is well below the national average.
- The school meets the current government floor standards, which set the minimum expectations
for pupils’ attainment and progress by the end of Key Stage 2.
- All pupils are educated on the school site. The school does not make use of any alternative
What does the school need to do to improve further?
- Ensure that teaching is consistently good and more often outstanding in order to further raise
pupils’ attainment, particularly in English, by:
making sure that all teachers use information about what pupils can and cannot do to set
work that is suitably challenging for them
making sure that all lessons contain interesting activities that actively involve pupils in learning
giving pupils consistently high-quality feedback so they know how they can improve their
work, and checking that they respond to this advice
providing greater opportunities for staff to share the best teaching practice that exists in the
- Further raise pupils’ attainment in writing, particularly for boys, by ensuring that all subjects
provide pupils with opportunities to produce extended pieces of writing so that they can practise
and develop their writing skills.
|The achievement of pupils||is good|
- The attainment of Year 5 pupils joining the school is above the national average. Attainment at
the end of Year 8 is well above average in mathematics and above average in English.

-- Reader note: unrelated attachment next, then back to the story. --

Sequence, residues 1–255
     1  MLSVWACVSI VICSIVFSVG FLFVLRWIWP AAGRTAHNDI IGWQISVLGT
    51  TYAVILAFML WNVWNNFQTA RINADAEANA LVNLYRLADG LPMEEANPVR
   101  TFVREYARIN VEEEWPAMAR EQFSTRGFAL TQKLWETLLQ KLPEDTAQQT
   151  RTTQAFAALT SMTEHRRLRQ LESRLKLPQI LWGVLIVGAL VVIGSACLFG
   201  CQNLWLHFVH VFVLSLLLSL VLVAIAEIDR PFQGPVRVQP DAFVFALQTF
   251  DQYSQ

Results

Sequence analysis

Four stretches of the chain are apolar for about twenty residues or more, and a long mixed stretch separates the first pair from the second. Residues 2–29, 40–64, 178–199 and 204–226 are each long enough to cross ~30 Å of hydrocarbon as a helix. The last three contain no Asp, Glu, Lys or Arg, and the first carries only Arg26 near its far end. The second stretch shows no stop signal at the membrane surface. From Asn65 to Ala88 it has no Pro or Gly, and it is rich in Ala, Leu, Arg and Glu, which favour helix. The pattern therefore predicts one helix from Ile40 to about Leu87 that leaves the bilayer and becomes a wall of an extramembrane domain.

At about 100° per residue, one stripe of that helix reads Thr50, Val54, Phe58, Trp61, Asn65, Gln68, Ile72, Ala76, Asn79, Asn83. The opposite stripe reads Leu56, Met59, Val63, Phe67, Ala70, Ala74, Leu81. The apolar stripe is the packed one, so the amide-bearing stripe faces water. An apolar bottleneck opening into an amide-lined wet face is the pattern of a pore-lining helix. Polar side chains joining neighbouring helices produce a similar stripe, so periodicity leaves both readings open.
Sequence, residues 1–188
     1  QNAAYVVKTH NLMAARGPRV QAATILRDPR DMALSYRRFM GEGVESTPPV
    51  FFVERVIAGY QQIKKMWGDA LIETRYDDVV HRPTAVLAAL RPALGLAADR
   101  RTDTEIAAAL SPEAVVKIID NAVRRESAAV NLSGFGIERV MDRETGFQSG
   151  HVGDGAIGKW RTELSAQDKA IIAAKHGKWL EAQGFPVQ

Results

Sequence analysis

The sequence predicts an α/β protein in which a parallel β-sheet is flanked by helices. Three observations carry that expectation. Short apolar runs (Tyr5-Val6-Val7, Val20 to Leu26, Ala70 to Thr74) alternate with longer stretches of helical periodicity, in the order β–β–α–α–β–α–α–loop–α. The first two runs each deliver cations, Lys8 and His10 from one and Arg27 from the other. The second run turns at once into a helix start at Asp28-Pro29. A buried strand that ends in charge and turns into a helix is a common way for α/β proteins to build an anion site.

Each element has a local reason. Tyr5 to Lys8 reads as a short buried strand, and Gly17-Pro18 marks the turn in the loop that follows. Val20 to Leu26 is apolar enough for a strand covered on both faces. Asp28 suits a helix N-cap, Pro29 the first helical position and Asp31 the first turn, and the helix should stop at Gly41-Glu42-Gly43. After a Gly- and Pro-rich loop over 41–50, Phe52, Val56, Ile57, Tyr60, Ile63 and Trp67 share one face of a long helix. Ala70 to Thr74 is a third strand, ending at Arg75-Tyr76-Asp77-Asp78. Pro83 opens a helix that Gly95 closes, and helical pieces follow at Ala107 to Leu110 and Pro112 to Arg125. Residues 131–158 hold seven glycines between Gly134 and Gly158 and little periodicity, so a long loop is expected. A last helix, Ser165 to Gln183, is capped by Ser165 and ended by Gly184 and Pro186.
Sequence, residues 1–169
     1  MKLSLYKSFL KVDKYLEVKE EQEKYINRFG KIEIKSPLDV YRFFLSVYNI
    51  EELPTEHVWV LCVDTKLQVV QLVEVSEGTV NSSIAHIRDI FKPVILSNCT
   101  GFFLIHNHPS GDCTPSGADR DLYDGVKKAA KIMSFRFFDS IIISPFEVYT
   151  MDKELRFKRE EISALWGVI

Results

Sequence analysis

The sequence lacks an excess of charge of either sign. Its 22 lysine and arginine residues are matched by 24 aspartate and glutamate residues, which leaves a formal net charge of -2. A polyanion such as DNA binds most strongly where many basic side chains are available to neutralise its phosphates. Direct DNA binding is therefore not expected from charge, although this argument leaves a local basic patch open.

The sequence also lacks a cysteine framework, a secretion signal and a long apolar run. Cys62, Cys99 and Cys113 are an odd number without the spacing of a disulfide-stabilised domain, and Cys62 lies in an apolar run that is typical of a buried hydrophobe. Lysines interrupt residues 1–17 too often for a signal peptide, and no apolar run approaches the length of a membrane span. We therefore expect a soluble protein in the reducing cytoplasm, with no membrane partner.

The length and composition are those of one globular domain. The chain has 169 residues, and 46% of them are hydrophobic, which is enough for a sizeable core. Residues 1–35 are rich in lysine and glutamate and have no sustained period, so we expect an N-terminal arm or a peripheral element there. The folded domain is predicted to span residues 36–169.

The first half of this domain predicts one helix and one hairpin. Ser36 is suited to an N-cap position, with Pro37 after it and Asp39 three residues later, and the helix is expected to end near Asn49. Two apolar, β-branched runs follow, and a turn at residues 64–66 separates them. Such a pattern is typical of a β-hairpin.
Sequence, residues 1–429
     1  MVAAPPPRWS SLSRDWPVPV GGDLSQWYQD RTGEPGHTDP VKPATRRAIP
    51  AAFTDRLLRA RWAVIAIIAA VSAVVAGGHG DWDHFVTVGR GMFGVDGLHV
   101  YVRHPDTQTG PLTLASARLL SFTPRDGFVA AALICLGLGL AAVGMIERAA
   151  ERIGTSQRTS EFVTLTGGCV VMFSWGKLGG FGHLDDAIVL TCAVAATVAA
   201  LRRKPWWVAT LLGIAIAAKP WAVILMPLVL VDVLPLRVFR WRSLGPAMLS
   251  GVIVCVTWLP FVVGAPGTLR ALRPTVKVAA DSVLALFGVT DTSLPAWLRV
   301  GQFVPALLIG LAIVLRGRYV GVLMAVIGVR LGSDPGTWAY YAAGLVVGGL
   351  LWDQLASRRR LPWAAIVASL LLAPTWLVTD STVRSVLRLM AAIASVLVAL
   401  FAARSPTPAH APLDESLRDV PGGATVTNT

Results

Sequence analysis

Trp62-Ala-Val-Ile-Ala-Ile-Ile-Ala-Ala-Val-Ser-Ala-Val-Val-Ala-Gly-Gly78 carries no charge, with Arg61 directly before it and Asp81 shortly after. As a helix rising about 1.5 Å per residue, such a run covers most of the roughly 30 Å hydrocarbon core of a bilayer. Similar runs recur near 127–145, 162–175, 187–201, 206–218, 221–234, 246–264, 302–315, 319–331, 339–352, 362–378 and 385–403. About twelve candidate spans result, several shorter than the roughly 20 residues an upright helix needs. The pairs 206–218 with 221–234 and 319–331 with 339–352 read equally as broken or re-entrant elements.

- The progress made by pupils between Year 5 and Year 8 is good. The progress of pupils is best
in mathematics, followed by reading and then writing.
- Boys and girls make similar progress in mathematics, although girls make better progress than
boys in English, particularly in writing. However, school information on pupils’ current progress
and lesson observations undertaken during this inspection indicate this gap is closing.
- During the inspection, achievement in the large majority of lessons was good and in some
lessons it was outstanding. Pupils work well together and willingly engage in the activities
arranged for them by teachers.
- Progress in reading is good. The library is well used by pupils who all have a reading book. Daily
reading sessions during afternoon registration effectively encourage pupils’ enjoyment of
- Disabled pupils and those with special educational needs make good progress. They are
extremely well supported in lessons by teaching assistants, and effective one-to-one sessions
outside of lessons aid their learning well.
- The attainment of pupils eligible for the pupil premium at the end of Year 8 is below that of
other pupils in the school. However, this gap is closing. The school makes effective use of the
additional funding it receives for these pupils. For example, it is used to fund additional in- and
out-of-class adult support for pupils’ academic and personal development. Some of the funding
is also used to ensure that these pupils fully benefit from the wide range of extra-curricular
opportunities, trips and visits offered by the school. All this ensures they receive an enriched
educational experience and make good progress in their learning.
|The quality of teaching||is good|